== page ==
Stories of Hope: Peru
written by Dr. Erin Connally, MedSend Dentist serving in Peru
A dentist without anesthetic is nobody’s idea of a good time. Who would want to have a root canal or tooth extracted without being numb?! You can imagine my panic when, after noticing that I had missed 7 calls from the Diospi Suyana dental clinic, I called them back to find out that the clinic had run out of anesthetic.
Not just the clinic, but the whole country.
We were informed that Peru has stopped the sale of dental anesthetic for an unknown time period.
In God’s providence, when I missed those 7 frantic calls, I happened to be working with a large dental team from the USA in a Quechua community. The Footbridge dental team had come to provide dental care to over 200 people in two communities. Like many of the places we work, the Quechua people in
these two towns have overwhelming dental needs and the team was able to help meet them.
But the team left us another gift: boxes of unused dental anesthetic. Please pray with us that Peru resumes the sale of anesthetic soon so that we, and all of the dentists in Peru, can continue treating patients.
I can’t find the words to thank you…
How would you tell someone you appreciated them if you couldn’t say thank you? In our Quechua language, no word exists for “thank you,” so people have to be creative to show their appreciation. A common way is to ask for more of whatever was received. So, if you were offered a delicious meal and wanted to say thanks, you’d say, “More please, give me the whole pot!” The same applies for our recent distribution of solar-powered Quechua audio Bible devices.
In March and April, my team from AIDIA and I focused a lot of effort on choosing villages with high rates of illiteracy where people were the most likely to listen to the audio devices regularly and share them with their neighbors. We then did trainings in the villages on how to use the audio devices, and charged a small deposit for each device.
The response was overwhelming.
People hiked in from remote villages for these trainings, all happy and willing to learn all they could about the device and make sure they could take it to their village to share God’s word in Quechua with their neighbors. And of course they all thanked us in classic Quechua style, “You have not brought enough, many of our brothers and sisters in our village still need this device. Please bring more next time.”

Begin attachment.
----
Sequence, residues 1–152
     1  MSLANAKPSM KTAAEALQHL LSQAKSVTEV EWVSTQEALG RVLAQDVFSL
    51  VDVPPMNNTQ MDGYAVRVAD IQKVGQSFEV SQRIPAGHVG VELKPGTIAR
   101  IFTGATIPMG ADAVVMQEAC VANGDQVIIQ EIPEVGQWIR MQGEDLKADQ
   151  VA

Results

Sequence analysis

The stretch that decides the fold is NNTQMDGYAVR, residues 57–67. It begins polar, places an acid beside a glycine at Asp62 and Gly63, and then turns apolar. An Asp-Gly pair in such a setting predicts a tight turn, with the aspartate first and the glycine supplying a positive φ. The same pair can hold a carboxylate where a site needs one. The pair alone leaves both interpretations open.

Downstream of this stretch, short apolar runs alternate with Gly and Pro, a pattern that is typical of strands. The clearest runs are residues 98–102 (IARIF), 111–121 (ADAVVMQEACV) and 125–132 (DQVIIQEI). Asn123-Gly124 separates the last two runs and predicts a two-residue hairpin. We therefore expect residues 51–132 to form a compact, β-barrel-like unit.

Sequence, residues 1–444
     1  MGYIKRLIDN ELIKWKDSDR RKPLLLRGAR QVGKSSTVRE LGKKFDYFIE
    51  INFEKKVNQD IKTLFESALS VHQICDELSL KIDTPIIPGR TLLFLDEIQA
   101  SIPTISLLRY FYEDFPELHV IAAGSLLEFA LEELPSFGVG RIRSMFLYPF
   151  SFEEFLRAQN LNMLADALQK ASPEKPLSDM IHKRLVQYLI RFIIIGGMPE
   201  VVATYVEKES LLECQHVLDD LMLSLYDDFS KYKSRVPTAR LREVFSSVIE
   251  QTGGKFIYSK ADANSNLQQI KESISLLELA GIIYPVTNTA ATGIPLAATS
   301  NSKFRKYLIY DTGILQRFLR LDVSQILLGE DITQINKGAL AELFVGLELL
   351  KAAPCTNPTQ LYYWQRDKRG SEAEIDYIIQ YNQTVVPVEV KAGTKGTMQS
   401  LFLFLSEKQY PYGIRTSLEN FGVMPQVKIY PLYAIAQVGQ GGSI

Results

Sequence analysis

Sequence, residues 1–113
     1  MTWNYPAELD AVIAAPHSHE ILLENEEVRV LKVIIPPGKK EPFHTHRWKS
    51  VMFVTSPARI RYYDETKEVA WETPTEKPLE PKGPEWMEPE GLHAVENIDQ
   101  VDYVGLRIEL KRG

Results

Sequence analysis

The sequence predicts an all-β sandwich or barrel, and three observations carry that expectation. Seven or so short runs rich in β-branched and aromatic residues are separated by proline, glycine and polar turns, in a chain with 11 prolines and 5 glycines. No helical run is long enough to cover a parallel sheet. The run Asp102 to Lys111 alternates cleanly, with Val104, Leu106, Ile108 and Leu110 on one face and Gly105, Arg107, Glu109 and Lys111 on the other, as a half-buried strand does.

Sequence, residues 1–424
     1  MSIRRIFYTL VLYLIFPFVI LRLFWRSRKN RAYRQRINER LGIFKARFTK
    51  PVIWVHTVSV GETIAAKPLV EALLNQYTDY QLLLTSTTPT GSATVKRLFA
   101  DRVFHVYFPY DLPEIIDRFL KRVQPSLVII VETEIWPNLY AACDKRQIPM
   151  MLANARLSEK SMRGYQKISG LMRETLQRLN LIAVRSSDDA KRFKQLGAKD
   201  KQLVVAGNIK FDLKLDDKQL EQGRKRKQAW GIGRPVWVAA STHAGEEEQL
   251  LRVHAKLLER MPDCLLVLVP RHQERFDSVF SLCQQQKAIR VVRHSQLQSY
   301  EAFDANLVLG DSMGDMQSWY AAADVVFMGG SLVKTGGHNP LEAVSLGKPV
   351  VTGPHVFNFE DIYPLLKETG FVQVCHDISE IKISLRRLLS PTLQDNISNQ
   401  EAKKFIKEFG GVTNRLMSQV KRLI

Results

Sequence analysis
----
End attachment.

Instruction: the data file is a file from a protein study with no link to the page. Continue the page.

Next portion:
Exhausted from the 5-hour drive over rough mountain roads, we pulled into the village of Raccaraccay and immediately looked for the house that would host our dental and medical clinic. We needed to find a safe place to put the expensive dental equipment. A friendly family greeted us and showed us into
their home. We eagerly got to work setting up the clinic.
By the time the rest of our team arrived, the equipment was all set up. They told us that we were in the wrong house. But we had watched as person after person brought blankets for our team to sleep
on, so we insisted that we must be in the right place.
We soon realized what the confusion was about. This family was not part of the church. The dental clinics use the electricity, water, time, and food of the host. For that reason, if we work in someone’s home, it is typically a church member.
The fact that this family had offered to open their home to us indicated a level of trust in us and the local church that is very uncommon in rural communities where the Quechua people have a history of being taken advantage of by outsiders.
We did not take their generosity lightly. We pray that they were also blessed by the experience and will seek Christ through the small church in their community.
Healthcare remains the only form of access as a Christian witness in many countries.
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